Miriam Kramer

To Johnny, Age 16

At two years old, your favorite things are cars;
actually, you have a penchant for nouns
like me who travel.

And as I said goodbye to you today on Skype,
my chest was a battered suitcase, the leather worn,
brass clasps slowly tarnishing.

And it is full of shattered marbles that I collected
when they lacked any perceivable imperfections,
but they have gradually fragmented.

They remind me that I am alive because I can hear
their jagged edges scraping together, but I’ve grown
to picture them becoming bright, multicolored sand.

So Johnny, please do not mistake
damaged for worthless or broken for irreparable
let me teach you that it is always okay to cry—

in the moments when you find yourself on the brink
not fully sure of the whys, allow yourself to let go.
Do not blink away the pain, or shut your eyes on the fear,

tears can help clear away some of the tumult of your mind.
Like the time I was flying home after spending a week with you.
I was aimlessly wandering the airport, and there was a woman selling praline.

She handed me an extra piece as my eyes were already welling.
She had no way of knowing about the phone call I had received.
She had no way of knowing about my friend’s fractured skull.

I just thanked her, and let the sugar slowly dissolve in my mouth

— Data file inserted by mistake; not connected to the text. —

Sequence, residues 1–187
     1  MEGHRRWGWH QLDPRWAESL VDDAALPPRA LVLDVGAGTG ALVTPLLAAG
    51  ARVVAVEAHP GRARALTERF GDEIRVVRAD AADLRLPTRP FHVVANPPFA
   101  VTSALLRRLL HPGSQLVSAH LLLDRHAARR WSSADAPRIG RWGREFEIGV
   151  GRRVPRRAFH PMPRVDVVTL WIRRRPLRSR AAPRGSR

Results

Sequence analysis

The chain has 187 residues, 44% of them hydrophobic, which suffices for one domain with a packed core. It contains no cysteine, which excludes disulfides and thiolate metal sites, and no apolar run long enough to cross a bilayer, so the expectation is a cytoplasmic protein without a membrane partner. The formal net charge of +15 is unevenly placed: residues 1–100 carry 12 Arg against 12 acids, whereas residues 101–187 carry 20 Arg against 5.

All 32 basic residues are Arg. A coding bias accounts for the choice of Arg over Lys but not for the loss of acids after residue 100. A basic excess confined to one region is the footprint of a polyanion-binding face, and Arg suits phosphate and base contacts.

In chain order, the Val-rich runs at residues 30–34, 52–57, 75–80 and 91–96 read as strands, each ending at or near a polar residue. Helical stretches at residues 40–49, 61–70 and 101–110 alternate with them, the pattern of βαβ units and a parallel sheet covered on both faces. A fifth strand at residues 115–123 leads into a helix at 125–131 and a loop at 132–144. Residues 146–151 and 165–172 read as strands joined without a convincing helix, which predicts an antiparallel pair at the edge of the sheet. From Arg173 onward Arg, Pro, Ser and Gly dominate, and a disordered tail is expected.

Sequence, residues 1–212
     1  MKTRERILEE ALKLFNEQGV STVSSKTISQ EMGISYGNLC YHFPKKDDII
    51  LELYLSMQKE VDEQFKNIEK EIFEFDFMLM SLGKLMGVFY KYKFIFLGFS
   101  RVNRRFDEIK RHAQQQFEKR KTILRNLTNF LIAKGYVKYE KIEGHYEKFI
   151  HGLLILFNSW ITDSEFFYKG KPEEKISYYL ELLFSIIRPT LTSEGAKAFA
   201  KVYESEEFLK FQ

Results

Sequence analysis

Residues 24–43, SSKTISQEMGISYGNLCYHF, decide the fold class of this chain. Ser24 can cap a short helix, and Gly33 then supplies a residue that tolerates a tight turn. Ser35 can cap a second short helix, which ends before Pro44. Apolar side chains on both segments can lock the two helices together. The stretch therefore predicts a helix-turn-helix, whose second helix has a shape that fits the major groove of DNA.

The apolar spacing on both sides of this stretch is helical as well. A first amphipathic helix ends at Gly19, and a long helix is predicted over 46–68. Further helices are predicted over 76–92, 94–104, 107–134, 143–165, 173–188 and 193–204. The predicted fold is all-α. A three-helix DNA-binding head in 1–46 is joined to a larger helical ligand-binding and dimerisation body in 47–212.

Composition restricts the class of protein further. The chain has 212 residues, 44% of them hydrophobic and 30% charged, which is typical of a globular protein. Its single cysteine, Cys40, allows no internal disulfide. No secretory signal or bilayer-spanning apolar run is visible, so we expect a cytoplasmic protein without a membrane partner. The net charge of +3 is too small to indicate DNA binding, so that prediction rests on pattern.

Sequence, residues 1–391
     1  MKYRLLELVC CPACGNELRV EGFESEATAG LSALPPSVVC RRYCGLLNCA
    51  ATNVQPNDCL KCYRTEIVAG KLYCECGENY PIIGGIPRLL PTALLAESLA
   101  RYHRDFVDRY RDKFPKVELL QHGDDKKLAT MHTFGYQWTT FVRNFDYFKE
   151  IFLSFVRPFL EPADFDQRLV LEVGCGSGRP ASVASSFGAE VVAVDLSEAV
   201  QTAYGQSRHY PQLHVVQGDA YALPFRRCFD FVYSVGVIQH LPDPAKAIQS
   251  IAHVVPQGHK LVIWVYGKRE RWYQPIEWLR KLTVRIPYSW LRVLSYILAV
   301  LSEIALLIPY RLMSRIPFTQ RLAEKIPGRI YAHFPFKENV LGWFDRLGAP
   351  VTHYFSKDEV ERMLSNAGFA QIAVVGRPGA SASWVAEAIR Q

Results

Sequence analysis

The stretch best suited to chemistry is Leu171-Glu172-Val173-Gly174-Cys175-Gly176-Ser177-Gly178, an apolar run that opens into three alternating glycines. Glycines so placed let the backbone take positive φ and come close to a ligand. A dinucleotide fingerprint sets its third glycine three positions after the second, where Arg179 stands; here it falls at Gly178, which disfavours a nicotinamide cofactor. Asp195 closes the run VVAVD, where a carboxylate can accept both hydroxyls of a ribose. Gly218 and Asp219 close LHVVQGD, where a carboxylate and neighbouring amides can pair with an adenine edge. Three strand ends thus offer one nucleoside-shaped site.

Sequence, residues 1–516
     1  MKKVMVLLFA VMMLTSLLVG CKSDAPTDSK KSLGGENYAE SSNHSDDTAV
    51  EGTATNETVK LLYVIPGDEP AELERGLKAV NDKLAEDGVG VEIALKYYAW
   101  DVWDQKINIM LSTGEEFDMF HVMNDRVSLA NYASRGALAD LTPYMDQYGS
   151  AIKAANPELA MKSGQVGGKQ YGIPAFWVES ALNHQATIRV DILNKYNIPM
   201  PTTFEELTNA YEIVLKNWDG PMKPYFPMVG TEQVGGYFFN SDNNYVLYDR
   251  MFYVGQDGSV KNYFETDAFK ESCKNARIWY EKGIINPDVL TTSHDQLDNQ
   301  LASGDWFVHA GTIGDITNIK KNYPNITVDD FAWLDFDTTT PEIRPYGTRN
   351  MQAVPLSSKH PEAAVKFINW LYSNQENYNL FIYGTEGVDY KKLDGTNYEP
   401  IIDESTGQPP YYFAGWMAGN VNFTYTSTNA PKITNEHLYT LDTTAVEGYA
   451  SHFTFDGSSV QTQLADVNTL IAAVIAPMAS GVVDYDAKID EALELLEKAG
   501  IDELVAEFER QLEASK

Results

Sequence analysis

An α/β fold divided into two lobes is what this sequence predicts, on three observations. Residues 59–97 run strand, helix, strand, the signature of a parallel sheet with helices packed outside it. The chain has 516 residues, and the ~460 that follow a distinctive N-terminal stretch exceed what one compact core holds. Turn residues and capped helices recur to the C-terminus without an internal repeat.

mixed with the salt of unwiped tears. I felt the familiar weight
between my ribs. I touched the skin below my collarbone—

half expecting to be poked by glass
and thought about how for the first month of your life
I could only call you ‘the baby’.

As I write this, you are ‘JOHNNY’.
As I write this, you are ‘SWEETHEART’.
As I write this, you are “BABY BOY—

I would do anything to ensure you won’t hurt the ways I have.”
You know, right before you were born I told your father,
my brother, I was afraid I would fail you—

that it would be better if you didn’t know me.
Johnny, at 16, the world will be unfailingly disappointing.
But Baby, I will never leave you.

Published 11-10-17

Miriam Kramer studied Creative Writing at Pacific University, and works at a local bookstore. Her work has been published in The Rising Phoenix Review and Rat’s Ass Review. She lives in Bound Brook, NJ, with her faucet obsessed cat, Ernie. Miriam is overly sentimental, often rescuing items from other peoples’ garbage.

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